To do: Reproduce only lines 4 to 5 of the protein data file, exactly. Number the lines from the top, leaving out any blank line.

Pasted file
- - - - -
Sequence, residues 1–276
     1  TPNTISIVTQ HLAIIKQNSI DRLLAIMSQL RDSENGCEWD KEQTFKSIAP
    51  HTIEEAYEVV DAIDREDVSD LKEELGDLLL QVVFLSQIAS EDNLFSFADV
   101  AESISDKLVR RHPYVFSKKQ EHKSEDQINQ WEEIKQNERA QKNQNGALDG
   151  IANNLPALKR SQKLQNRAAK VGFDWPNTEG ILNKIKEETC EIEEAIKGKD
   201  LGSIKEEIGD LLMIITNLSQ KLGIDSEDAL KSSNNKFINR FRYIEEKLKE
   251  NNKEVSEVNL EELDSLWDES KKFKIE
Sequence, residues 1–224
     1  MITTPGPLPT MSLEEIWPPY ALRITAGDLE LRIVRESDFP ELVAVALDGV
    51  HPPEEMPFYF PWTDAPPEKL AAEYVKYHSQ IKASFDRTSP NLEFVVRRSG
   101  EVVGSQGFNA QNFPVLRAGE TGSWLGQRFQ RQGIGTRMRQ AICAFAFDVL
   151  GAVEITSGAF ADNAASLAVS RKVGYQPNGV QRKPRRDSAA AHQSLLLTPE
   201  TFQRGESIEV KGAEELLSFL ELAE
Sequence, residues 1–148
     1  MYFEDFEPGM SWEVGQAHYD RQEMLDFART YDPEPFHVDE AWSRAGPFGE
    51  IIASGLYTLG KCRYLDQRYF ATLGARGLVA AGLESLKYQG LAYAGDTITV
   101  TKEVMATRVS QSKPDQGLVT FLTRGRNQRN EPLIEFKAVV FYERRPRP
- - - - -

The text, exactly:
   101  AESISDKLVR RHPYVFSKKQ EHKSEDQINQ WEEIKQNERA QKNQNGALDG
   151  IANNLPALKR SQKLQNRAAK VGFDWPNTEG ILNKIKEETC EIEEAIKGKD